Sunday, November 23, 2008

Carriage house dreaming, nut farms & lust dust

On my reading list: The lovely short story above -- Lust, Caution by Eileen Chang


Warning: much rambling to follow.
_____________________________________
Well, this ain't Oklahoma, but hot damn, it's a beautiful morning!

Walking the beastly drooler dog at the break of a beautiful misty pink dawn, not one but two enormous flocks of geese went honking and flapping south.

Adios gansos! Have a nice time in those glistening Texas mudflats and the warm climes of northern Mexico. I like to watch geese and ducks slap flat-footed across the mud. Makes me want to join them -- first the winged escape to some nice warm mud, then slip out of the confines of shoes and socks and sink to my knees.

The sound and sky shape of migrating geese always makes me think about a beautiful Inn we've stayed at now and again. It's a special occasion sort of place, but I could pack up right this instant and just go. It's called "The Hazelnut Farm" and its in the middle of Oregon wine country at the edge of a working hazelnut farm. The first time we went, it was this same time of year -- I still have a poem I wrote 15 years ago about the geese flying above the orchard. We like to stay in the Carriage House -- a cottage away from the main Inn near the barn with an enormous claw foot tub and big kitchen. The little house is stocked with breakfast that you can cook yourself. It's nice to have the B&B experience without being forced to become best friends with the other guests at a communal breakfast. You can just sink into one another for the whole weekend -- pretend there's no-one else on earth. On the other side of the orchard is a big winery. If you've never walked through a hazelnut orchard, you just have to. Go! Go now. Find yourself a nut farm! The trees are small and low with arching umbrella branches. It's like walking into the wardrobe and emerging into an "other place." Through the tunnels of little trees, up a hill, feet crunching atop fallen nuts and leaves, we walk to the winery and choose our wine for dinner.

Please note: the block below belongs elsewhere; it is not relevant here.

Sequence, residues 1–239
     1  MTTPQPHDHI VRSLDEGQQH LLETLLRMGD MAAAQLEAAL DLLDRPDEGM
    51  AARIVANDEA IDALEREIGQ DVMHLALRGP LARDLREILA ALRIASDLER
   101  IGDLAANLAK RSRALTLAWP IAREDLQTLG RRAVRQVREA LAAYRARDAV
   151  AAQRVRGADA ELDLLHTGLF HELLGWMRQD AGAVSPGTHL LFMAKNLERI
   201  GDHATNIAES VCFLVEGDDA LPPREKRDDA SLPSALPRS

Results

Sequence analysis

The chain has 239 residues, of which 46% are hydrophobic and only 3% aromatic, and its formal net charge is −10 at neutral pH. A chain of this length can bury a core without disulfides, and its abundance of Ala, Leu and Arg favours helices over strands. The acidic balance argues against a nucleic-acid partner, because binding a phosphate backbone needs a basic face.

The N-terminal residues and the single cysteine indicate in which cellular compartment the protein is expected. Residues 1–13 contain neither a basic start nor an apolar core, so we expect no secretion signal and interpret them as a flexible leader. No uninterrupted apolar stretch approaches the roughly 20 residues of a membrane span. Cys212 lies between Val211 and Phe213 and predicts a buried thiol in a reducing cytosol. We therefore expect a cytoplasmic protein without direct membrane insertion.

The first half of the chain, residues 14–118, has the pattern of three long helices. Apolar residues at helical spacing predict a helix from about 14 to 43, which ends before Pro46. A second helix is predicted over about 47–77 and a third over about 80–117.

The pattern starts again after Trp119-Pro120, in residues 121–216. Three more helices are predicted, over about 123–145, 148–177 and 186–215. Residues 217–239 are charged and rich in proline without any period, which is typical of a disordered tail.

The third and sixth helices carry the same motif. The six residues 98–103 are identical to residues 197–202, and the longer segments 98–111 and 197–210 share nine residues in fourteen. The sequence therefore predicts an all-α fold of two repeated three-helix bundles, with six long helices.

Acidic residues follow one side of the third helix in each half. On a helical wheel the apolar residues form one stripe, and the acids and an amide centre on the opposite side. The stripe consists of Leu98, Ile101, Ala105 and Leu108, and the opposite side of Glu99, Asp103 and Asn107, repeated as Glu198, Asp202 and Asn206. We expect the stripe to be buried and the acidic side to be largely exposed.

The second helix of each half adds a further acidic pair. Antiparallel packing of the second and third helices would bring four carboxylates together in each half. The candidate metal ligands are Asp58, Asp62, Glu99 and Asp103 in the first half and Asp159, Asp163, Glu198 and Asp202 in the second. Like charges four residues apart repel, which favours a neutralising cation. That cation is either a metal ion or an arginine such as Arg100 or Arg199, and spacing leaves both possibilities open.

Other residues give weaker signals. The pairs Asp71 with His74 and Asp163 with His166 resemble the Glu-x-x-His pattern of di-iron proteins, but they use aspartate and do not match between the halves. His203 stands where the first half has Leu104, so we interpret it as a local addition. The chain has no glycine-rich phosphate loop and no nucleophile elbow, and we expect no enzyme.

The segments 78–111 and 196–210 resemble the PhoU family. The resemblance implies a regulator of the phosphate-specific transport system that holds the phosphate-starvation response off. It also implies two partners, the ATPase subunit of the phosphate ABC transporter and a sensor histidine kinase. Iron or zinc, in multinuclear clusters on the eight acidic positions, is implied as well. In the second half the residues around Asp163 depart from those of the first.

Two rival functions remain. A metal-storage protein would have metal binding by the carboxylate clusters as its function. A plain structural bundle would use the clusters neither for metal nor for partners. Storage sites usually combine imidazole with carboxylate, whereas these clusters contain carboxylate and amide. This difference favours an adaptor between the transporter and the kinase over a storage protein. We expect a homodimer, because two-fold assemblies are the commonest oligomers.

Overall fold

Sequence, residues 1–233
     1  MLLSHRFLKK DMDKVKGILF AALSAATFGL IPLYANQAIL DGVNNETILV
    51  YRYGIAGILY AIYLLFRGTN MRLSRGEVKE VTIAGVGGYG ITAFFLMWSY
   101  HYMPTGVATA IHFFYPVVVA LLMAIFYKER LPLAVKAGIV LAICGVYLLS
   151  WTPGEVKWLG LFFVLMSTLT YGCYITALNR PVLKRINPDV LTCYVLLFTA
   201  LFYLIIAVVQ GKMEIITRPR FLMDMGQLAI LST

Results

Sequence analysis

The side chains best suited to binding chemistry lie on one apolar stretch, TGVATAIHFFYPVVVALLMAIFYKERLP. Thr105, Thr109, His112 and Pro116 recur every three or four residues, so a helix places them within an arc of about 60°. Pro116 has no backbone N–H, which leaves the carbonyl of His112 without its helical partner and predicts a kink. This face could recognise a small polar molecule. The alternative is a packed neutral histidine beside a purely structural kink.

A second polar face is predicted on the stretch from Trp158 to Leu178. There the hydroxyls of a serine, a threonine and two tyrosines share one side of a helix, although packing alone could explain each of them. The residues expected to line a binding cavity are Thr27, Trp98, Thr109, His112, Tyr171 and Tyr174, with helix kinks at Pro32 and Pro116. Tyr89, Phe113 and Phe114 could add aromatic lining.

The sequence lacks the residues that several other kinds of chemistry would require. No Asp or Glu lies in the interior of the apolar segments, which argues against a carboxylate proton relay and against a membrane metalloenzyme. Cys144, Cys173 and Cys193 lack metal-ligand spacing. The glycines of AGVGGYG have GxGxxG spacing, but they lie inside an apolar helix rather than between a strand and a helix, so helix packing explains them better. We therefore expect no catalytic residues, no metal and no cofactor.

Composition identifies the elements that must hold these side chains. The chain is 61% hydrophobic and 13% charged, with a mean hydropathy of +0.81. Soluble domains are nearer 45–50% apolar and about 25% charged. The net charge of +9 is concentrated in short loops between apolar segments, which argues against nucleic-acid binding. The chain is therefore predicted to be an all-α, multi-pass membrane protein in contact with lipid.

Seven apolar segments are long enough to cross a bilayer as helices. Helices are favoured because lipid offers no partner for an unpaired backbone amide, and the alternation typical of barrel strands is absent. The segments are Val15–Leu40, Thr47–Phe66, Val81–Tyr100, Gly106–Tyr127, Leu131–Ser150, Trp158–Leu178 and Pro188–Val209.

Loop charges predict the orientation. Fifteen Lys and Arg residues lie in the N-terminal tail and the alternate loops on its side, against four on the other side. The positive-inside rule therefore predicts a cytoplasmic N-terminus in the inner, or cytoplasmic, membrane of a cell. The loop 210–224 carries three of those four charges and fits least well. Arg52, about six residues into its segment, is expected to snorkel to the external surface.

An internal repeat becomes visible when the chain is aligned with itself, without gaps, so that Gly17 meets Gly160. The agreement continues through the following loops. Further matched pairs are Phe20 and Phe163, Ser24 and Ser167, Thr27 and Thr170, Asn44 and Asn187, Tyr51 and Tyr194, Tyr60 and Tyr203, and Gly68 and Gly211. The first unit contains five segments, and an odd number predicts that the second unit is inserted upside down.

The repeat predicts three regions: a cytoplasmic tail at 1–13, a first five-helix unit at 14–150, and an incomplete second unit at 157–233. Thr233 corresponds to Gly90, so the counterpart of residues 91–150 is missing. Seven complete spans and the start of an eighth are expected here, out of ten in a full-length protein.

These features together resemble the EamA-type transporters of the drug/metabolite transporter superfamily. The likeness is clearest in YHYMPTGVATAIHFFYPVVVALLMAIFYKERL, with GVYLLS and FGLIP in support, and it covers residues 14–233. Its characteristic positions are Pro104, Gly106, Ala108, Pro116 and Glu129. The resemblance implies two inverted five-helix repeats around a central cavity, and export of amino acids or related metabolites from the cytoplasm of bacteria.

I got all smooshy inside thinking about the nut farm and big fluffy down comforters and wine tasting and escaping. Thinking about wine made me think of Bacchus and Dionysus and then Horace. Good old Horace. No easy prey indeed. I'm still irritated with the mean weenies. Good for Alison and Shanna for not being easy prey and being lovely in every way.

Text not available
Horace The Odes and Epodes By Horace, Clifford Herschel Moore, Paul Shorey, Edward Parmelee Morris, Gordon Jennings Laing

Last night the Mister said, "you are such a sexual being." Such sweetness. Such a good man. I mean, he could have just said, "you're a horny little thing, aren't you?" I liked his phrasing and the way I felt when he said it. I like the idea of being "a being." It's rather effervescent. As such a being, could I have little wings and a magic wand? I'd flit about tossing sparkles of giddy lust dust on the frog-gogglers, nodogishlorntlers, the filibratsters and the snootygrooters. Take that, you pouty-faced prigs! That'll teach you! Crack that bitterness with a smile. Ha!

"Mix a little foolishness with your prudence;
it's good to be silly at the right moment."
--Good Old Horace

Then I had the craziest sex dream ever in the night. I woke up a little concerned that some weirdness had actually happened and what ever would I do about the woman who'd been up to naughtiness in my bed only to lecture me in the morning about doing my kegels and complain that I didn't scramble her eggs properly. What a thankless fantasy! Alas, she was a figment, but now the real eggs are ready -- cooked just right -- for me.


Card: Coco de Mer

No comments: